Information technology is now a ubiquitous and increasingly critical part of the fabric of the modern organization, supporting its day-to-day operations and all aspects of the decision-making process, as well as its strategic positioning. It is therefore not perhaps surprising that the implementation of a new technology or information system is likely to result in a wide array of impacts to the organization as well as the working lives of individual employees. There is a growing consensus within the literature that many such impacts are not deterministic and cannot therefore be easily predicted prior to a system’s implementation (e.g., DeSanctis & Poole, 1994). The corollary of this is that many of the consequences of an information system’s implementation will be unanticipated (Robey & Boudreau, 1999). While some of these unanticipated consequences, or incidental side effects, may be of a positive nature, negative impacts are also quite common, as IT-induced organizational change often results in user resistance and, in extreme cases, possibly even system rejection (Martinsons & Chong, 1999). Information systems projects may not be totally predictable, but it can be argued that many of their organizational impacts only remain unanticipated, because systems developers are reluctant to tackle the human and organizational aspects of IT (Doherty & King, 2005). Systems development projects have typically been viewed as exercises in technical change, rather than socio-technical change; “most investments in IT are technology-led, reflecting too technical an emphasis” (Clegg, 2000, p. 464). This is a dangerous strategy, because unforeseen and unresolved negative impacts may increase the likelihood of systems failure. Moreover, beneficial impacts, of both a planned and incidental nature, may not be fully realized without an appropriate program of organizational change. Indeed, Ward and Daniel (2006) argue convincingly that the unacceptably high levels of IT failures are largely due to the absence of formal “benefits realization” approaches that explicitly target the organizational change needed to deliver business benefits. Consequently, we would argue that if systems development projects are viewed as an exercise in organizational change, in which all potential organizational impacts are proactively and systematically analyzed, then many undesirable impacts could be avoided, while the planned benefits can be more effectively realized (Doherty & King, 2002). The importance of treating organizational issues may now be widely acknowledged (e.g., Clegg, 2000; Eason, 2001), but little progress has been made in the development of practical treatment approaches that have succeeded in making the transition from research laboratory to widespread commercial usage. The primary aim of this article is to present an innovative new benefitsoriented approach for their proactive treatment. However, in advance of this, it is important to establish the importance of treating organizational issues.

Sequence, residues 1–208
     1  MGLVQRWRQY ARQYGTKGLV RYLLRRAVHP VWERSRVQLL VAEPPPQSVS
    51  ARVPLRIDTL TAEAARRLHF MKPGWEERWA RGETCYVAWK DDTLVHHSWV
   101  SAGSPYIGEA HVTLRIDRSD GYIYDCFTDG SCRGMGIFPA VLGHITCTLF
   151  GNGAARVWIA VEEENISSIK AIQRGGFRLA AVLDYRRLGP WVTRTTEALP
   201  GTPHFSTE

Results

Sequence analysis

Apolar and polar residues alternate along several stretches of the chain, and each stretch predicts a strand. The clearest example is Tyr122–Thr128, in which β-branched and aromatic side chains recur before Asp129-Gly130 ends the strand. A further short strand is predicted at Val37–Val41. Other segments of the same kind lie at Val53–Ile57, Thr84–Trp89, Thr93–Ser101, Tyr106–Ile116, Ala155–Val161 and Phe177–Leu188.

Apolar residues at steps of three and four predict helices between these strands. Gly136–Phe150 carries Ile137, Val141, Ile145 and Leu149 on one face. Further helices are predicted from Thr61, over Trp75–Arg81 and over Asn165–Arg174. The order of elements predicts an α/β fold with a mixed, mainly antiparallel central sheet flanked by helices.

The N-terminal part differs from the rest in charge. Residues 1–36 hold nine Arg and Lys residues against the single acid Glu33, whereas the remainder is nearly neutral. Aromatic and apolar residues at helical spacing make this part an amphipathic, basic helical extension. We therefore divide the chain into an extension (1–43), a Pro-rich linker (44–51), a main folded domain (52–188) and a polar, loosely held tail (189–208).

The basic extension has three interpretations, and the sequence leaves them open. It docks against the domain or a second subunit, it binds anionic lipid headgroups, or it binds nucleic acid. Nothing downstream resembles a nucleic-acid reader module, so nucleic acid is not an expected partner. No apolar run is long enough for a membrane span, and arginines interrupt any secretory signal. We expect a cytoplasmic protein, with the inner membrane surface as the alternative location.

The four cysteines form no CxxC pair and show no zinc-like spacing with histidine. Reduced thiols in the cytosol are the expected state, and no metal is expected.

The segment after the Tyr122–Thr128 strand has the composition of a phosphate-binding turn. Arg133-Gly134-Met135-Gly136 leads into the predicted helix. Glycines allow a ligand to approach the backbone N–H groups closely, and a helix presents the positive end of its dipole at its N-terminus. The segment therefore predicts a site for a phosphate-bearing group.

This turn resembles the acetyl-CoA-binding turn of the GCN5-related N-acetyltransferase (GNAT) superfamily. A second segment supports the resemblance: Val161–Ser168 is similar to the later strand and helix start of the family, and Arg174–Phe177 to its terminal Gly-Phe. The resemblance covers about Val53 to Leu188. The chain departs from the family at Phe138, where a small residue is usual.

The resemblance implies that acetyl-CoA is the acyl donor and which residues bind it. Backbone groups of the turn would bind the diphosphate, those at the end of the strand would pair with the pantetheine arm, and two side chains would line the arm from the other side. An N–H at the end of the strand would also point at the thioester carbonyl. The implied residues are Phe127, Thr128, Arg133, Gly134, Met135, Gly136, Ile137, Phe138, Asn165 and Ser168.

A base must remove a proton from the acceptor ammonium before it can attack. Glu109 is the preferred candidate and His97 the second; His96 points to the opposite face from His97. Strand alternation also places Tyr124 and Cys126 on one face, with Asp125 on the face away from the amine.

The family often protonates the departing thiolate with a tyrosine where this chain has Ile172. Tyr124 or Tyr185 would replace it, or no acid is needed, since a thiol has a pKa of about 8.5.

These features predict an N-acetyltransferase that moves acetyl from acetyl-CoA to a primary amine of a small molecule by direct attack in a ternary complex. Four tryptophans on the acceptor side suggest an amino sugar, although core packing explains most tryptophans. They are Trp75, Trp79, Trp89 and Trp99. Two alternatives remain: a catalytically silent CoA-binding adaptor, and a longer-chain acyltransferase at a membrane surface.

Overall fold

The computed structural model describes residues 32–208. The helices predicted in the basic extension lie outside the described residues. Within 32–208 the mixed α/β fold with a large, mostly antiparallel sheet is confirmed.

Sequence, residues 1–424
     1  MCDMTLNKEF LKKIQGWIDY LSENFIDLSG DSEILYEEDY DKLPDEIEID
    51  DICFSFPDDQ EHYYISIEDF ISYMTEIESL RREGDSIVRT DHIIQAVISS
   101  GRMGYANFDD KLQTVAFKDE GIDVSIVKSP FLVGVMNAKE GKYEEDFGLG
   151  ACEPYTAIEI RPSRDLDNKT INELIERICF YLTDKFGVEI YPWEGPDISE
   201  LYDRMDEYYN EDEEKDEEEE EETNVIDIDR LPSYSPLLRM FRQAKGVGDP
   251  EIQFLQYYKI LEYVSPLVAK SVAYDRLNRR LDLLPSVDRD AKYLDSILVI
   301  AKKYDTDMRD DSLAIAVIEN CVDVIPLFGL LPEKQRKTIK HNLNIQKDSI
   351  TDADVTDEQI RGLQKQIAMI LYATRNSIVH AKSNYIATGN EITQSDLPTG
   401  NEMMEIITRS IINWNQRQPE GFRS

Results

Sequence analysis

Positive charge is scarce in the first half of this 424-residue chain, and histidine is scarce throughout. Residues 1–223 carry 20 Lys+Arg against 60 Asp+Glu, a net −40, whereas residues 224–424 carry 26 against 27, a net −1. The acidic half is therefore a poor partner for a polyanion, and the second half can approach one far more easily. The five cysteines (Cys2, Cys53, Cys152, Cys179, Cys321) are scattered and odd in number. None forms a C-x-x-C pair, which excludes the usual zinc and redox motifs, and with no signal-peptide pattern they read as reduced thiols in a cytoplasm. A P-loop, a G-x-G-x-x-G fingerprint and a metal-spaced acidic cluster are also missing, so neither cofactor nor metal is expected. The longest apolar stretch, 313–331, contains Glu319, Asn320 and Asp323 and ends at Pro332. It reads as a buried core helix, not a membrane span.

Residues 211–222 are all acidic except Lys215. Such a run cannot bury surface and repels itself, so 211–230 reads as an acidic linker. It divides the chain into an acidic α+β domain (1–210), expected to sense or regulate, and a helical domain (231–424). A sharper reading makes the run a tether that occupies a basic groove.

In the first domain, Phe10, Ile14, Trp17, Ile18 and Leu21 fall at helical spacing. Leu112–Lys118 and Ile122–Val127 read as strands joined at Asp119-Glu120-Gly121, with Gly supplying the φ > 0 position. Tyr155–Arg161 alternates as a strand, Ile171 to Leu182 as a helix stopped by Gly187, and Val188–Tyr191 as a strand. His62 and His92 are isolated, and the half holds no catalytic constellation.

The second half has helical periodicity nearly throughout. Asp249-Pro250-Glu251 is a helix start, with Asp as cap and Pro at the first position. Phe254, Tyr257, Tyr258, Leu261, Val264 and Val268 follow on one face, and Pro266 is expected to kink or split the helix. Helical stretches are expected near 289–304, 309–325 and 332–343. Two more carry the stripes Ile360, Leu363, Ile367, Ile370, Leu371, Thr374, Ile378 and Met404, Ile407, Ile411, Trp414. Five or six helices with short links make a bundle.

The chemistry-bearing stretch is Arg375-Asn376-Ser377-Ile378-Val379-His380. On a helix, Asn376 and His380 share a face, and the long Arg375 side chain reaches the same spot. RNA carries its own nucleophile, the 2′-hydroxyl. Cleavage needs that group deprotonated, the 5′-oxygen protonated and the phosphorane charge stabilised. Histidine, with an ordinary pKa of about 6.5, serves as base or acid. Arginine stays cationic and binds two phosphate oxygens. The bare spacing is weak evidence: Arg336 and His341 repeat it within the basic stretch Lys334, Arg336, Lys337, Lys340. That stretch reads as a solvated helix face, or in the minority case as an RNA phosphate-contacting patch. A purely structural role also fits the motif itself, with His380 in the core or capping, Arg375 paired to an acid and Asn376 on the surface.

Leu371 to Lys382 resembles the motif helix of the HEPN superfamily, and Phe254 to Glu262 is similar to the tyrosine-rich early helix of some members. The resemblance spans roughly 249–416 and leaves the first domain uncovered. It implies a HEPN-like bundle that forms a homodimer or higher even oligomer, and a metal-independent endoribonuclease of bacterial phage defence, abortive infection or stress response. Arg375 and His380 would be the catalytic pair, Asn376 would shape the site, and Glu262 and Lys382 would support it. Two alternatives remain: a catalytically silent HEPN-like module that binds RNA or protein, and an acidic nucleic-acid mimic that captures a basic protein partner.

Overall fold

Background: The Need To Treat Organizational Issues
The information systems’ literature is very clear on two points; general levels of failure are far too high, and the primary cause of this problem is the failure to adequately treat organizational issues (Clegg, Axtell, et al., 1997; Doherty & King, 2001). In this context, the term “organizational issue” relates to those organizationally-oriented facets of systems development projects that need to be treated to ensure that the resultant impacts of an information system are likely to be desirable. A comprehensive checklist of important organizational issues, that was originally drawn from the literature but then validated over a series of studies (e.g., Doherty & King, 2001; Doherty, King, & Al-Mushayt, 2003), is presented in Table 1.
Key Terms in this Chapter
Socio-Technical Methods: Development methods that attempt to produce systems that are both technically efficient and organizationally sensitive.
Organizational Issues: Those issues that need to be treated during the systems development process to ensure that the individual human, wider social, and economic impacts of the resultant computer-based information system are likely to be desirable.
Incidental Impacts: Impacts that are unplanned by-products of the system’s development process that had not, or could not, have been envisaged at the project’s outset.
Benefits Realization: The process of proactively managing benefits to ensure that all the potential benefits that may arise from the introduction of a new information technology are ultimately realized.
Planned Impacts: The anticipated outcomes of a systems development project that were identified at the project’s outset, and are typically critical to its ultimate success.